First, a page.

Soon Sandro learns the rules of survival in the streets, meets his first girlfriend and—although he hasn’t learned how to read and write—he dreams of becoming a famous rapper. Marisa, returns to her community to look for her son when she hears about the death of the drug lord. There, she learns that everybody was killed except for her son, who’s escaped. Soon, Sandro and Alessandro meet, first on the streets and later in an institution for juvenile delinquents. By chance, Marisa finds Sandro and believes he’s the lost son she’s searched for. A moving and strong relationship begins between these two orphans—she of a son, and he of a mother—culminating in a tragic outcome in June of 2000 that was broadcasted live for 6 hours, stopping the whole country of Brazil.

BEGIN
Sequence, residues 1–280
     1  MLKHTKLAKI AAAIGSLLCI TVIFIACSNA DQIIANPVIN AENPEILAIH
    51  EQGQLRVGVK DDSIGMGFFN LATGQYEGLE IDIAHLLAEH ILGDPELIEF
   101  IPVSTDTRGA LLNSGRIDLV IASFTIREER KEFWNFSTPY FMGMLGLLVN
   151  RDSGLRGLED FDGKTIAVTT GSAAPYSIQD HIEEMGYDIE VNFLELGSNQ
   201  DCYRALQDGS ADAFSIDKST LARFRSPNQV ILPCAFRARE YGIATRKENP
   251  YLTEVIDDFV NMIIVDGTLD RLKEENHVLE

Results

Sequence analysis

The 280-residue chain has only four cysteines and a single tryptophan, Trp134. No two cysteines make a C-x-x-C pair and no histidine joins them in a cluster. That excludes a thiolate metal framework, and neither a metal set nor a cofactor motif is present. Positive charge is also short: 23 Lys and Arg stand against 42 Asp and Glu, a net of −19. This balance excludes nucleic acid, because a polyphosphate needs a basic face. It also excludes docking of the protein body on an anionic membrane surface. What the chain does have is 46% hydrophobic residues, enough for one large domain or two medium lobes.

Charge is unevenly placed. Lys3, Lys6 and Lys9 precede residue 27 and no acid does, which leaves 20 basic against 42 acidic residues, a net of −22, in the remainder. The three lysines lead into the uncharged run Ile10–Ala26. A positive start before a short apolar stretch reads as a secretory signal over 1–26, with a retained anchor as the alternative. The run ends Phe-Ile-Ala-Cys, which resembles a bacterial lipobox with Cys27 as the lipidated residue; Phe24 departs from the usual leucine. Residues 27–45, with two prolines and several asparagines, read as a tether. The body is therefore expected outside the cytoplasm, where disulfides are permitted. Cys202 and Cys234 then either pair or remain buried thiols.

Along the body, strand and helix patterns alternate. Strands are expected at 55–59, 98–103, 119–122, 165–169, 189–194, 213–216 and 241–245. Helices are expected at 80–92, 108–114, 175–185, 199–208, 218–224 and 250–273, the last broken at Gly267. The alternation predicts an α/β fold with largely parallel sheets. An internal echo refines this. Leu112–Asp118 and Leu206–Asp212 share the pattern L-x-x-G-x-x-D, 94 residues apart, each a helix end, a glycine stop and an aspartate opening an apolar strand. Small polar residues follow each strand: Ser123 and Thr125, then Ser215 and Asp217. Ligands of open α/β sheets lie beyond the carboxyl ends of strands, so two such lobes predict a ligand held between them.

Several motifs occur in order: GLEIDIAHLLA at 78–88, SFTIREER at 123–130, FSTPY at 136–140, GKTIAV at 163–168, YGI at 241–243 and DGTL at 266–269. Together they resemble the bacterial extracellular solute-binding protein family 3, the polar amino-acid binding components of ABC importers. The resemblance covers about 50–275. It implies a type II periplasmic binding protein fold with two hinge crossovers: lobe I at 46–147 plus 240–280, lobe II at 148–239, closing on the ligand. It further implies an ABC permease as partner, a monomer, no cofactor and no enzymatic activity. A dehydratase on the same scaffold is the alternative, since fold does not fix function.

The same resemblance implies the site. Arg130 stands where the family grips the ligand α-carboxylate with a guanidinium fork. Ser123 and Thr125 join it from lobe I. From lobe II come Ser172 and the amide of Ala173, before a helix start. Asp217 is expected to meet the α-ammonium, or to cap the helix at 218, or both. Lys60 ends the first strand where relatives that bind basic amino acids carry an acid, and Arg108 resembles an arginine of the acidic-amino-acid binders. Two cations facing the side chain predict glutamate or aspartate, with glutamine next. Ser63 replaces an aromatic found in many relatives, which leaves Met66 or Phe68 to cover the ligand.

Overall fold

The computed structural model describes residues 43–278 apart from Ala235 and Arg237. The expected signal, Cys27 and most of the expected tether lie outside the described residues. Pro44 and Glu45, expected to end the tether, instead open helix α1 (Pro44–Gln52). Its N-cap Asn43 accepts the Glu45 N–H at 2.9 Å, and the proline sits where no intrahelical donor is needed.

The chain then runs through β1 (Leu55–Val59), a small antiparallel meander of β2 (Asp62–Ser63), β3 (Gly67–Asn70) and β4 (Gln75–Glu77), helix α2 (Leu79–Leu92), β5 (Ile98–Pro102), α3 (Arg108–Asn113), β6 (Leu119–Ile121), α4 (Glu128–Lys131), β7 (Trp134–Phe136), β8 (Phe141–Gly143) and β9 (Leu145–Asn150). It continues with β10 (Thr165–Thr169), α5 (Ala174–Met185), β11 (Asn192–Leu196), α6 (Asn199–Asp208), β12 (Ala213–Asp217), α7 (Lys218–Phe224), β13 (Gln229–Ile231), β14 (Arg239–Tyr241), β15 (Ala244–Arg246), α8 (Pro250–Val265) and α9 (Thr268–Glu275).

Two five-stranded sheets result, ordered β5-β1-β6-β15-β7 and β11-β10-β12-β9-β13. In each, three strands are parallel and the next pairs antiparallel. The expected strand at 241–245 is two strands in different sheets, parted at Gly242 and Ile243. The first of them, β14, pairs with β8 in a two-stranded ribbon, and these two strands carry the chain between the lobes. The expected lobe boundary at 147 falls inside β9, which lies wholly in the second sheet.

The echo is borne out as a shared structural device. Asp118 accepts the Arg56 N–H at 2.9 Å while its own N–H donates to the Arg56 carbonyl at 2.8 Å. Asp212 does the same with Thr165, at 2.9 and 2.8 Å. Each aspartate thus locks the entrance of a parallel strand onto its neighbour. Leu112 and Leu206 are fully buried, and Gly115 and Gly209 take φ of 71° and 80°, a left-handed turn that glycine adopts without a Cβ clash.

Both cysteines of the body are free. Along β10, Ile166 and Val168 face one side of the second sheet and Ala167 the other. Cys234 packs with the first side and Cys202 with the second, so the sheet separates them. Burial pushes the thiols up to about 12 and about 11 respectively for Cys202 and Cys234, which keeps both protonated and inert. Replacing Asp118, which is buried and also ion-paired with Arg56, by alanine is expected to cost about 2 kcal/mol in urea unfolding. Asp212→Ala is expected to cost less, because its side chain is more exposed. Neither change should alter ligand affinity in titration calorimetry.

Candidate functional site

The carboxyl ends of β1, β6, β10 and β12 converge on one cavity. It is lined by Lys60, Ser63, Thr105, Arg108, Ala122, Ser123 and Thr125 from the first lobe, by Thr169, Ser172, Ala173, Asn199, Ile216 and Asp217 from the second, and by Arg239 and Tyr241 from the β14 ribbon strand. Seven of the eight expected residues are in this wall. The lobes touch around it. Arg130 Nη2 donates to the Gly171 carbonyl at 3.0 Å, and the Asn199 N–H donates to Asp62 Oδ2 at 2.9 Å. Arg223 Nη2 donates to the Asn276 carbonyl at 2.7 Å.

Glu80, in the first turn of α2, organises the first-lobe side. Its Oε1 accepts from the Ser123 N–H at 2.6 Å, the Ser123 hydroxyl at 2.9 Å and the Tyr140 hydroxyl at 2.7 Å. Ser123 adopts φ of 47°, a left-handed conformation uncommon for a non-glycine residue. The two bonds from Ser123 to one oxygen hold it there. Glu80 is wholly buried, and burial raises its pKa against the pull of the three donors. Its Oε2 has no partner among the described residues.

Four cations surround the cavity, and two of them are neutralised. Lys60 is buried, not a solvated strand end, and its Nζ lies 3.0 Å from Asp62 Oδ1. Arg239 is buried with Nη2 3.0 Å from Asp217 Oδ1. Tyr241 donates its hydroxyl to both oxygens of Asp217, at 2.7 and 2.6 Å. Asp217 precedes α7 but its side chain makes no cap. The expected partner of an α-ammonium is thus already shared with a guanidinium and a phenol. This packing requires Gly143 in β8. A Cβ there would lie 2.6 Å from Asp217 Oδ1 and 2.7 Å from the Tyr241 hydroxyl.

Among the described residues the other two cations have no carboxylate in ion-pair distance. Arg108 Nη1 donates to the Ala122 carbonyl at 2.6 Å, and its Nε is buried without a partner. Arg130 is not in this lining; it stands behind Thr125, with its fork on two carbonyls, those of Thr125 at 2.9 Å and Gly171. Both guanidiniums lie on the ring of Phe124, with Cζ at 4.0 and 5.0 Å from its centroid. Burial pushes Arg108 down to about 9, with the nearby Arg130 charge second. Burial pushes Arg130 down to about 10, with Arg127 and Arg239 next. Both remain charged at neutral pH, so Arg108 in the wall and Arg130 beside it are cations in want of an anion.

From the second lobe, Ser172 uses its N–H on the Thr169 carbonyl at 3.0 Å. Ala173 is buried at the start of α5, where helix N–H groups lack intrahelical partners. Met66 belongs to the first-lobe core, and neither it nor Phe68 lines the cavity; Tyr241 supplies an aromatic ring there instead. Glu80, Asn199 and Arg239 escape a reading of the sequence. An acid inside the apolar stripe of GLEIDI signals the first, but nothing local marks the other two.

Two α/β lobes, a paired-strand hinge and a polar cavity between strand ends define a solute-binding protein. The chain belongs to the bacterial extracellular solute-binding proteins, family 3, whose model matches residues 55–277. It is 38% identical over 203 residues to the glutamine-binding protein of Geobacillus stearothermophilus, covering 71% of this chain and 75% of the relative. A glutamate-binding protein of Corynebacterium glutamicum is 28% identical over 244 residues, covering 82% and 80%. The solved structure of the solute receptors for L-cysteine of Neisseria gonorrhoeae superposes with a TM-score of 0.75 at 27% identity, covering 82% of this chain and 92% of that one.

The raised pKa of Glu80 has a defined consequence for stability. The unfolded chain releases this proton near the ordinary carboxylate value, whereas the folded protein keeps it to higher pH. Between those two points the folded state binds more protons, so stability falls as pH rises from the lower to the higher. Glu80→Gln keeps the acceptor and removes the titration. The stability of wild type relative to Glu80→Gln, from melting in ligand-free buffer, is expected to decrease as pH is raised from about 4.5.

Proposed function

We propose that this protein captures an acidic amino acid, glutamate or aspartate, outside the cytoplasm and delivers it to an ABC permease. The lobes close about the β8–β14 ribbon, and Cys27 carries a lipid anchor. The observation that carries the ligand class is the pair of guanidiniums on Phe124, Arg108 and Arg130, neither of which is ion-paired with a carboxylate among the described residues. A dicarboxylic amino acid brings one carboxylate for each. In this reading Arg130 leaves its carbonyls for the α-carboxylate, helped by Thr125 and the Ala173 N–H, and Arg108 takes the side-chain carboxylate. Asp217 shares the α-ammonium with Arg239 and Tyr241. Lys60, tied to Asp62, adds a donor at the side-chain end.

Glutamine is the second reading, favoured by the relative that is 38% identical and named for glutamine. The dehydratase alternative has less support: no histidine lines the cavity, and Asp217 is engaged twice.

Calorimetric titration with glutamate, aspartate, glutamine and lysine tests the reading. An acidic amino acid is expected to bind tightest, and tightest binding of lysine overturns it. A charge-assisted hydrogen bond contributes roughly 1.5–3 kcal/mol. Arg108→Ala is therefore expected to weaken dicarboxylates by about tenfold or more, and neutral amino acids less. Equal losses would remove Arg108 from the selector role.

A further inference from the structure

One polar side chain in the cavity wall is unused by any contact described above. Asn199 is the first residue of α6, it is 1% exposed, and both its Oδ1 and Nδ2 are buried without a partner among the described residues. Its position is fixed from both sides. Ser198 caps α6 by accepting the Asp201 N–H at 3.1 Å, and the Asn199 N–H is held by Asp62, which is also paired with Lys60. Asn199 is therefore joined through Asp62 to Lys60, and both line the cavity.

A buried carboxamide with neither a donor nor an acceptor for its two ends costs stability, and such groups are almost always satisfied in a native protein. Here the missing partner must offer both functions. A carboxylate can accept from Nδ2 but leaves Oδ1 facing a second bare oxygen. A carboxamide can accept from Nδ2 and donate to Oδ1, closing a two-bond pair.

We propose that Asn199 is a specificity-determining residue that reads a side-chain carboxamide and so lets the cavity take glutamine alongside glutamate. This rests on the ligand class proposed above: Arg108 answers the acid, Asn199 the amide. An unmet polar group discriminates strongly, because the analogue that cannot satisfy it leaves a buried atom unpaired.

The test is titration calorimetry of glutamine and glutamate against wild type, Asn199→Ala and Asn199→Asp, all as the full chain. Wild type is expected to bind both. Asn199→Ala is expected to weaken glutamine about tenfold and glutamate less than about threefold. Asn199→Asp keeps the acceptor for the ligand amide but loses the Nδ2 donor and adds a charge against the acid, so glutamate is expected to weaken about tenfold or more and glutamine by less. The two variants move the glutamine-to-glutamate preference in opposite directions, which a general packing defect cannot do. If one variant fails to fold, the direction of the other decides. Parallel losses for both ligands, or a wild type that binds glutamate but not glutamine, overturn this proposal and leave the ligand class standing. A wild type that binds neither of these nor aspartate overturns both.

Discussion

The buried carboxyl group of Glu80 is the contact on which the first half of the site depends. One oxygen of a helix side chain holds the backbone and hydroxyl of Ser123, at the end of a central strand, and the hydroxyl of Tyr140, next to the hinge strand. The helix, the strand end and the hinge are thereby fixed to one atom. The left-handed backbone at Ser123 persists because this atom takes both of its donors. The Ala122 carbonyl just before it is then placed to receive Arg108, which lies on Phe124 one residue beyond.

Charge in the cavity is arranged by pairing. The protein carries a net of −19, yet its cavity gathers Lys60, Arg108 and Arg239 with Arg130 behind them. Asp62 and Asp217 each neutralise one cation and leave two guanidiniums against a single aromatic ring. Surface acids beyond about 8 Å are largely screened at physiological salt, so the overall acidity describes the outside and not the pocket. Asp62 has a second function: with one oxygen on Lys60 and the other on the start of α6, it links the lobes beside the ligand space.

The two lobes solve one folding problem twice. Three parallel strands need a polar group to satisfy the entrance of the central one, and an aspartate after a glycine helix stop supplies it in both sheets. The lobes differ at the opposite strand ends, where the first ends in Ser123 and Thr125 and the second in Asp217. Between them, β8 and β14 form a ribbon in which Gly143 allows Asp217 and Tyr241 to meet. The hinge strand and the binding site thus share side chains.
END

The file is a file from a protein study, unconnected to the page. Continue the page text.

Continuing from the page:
With 18 feature films, Bruno Barreto is one of the Brazil’s most successful directors. He directed his first film, Tati, in 1972 at the age of 17, followed by A Estrela Sobe (A Star Rises) and Dona Flor and Her Two Husbands, the biggest box office hit of all time in Brazilian cinema, with more than 12 million tickets sold. Since 1990, Bruno Barreto has divided his career between Brazil and the United States, where he did 6 feature lengths with such major movie stars as Robert Duvall, Andy Garcia, Kevin Spacey and Amy Irving in A Show of Force; Dennis Hopper and Amy Irving in Carried Away; and Gwyneth Paltrow and Mike Myers in View from the Top . In 2006, Bruno Barreto directed the Brazilian production of the 2005 Pulitzer and Tony winner play “Doubt” by John Patrick Shanley.
Bijan Tehrani: How did you come up with the idea of making this film?